Tuesday, November 01, 2005

Human rights

Lenin has posted an interesting article on Human Rights over at the tomb. Again, however, I think that there may be some, in my opinion, misconceptions and exaggerations going on.
The trouble with human rights, then. In itself, a codified set of rules about how human beings should be treated is both valuable and necessary.
I guess I might agree with this. But I would first point out that by the very notion of rights, we presuppose the legal form, which means we presuppose a particular set of material conditions. Which is why I'm not sure I agree with:
the reason it could do this is that it attempts to ground politics in something essentially apolitical.
Insofar as human rights are rights, i.e. the action of a being, interpellated through the legal form as a legal person they presuppose the existence of commodity producing society, this makes them deeply political, in fact their very structure is tied to a set of material relations. This being said, I suspect I have a slightly more positive view of human rights than Lenin, firstly:
Political contexts are eschewed, and instead shocking instances of brutality are interpreted as attesting to something constant in human nature that must be suppressed in various ways - usually be reducing the political sphere, since it is precisely in the domain of democratic possibility that governments can be beholden to 'special' interests rather than universal ones.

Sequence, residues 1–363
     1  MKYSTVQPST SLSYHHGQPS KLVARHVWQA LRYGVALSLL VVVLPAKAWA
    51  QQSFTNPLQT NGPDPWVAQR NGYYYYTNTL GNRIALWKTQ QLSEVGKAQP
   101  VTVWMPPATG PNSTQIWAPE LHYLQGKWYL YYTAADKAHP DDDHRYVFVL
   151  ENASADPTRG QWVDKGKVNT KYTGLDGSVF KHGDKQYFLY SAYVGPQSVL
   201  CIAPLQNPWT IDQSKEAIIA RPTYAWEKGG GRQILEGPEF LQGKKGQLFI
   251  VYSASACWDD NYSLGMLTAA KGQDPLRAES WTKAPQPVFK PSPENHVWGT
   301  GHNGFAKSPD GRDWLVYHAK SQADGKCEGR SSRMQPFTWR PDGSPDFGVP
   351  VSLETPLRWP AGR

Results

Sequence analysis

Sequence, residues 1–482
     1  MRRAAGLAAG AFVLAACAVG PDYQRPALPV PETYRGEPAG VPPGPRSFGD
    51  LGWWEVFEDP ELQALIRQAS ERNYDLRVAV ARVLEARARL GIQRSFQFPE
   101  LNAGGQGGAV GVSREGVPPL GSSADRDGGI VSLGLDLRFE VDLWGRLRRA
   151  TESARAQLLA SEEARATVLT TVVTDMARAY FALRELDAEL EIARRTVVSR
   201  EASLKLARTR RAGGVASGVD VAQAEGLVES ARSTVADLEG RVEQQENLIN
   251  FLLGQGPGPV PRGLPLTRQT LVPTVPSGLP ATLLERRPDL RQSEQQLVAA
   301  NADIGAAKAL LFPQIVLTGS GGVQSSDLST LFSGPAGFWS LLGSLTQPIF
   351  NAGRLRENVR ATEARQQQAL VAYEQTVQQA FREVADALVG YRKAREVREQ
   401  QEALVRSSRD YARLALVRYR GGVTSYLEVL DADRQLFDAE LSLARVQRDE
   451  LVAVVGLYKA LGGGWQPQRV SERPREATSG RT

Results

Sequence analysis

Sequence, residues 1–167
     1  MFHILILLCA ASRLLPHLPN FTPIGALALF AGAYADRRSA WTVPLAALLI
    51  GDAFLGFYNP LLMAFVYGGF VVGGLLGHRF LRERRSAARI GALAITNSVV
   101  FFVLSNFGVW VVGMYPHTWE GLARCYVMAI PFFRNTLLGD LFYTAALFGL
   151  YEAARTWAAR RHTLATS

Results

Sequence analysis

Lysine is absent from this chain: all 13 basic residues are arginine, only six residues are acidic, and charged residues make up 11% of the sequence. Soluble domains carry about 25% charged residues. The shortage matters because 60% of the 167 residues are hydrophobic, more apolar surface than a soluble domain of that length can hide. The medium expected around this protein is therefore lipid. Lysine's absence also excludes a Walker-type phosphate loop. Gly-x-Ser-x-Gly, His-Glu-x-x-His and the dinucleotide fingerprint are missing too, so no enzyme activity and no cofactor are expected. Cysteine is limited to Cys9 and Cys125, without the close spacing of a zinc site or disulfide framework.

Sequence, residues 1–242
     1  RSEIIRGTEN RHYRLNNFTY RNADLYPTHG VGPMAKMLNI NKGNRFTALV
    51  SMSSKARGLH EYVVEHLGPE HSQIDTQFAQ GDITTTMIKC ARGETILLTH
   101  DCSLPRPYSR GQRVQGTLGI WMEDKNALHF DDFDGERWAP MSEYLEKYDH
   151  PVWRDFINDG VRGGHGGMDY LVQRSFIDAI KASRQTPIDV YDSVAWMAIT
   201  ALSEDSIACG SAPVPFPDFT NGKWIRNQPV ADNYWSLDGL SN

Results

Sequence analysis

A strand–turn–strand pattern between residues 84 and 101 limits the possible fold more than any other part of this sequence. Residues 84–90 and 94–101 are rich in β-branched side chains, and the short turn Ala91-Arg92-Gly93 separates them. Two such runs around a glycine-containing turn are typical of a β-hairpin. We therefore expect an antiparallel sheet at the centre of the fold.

This division is surely premissed on the fact that political content cannot be expressed through the legal form. Yet, in fact, the converse is true. Every particular legal conjuncture is deeply political and hugely contestable. It does seem somewhat odd to privilige a particular 'political' sphere, especially when said sphere is structured around capitalism.
Wadham of Liberty argues that "Elected parliaments in this country and around the world have shown that, on their own, they are not able to protect human rights properly.". This lead him to call for removing the power to appoint judges from the elected government and place it in the hands of "an independent appointments committee".
This, in itself, has always been pretty problematic for me. Firstly, it seems that Lenin is exalting our 'elected government', this presumably is the same government who sent us to war in Iraq. Surely Lenin, following his namesake should ask the question: Who, whom? I think it is also worth noting that judges and their decisions are not entirely divorced from the sphere of the political, that is to say class struggle, would Lenin object to judges declaring the Terrorism Act incompatible with the Human Rights Act (the objection being based on the concept of a democratically elected government).
Human rights as an ideology is a potent mobiliser of support for imperialist interventions and, as mentioned, a formidable guarantor of legitimacy.
Correct, but with at least the possibility that human rights can be contestable.

The problem as I see it is thus: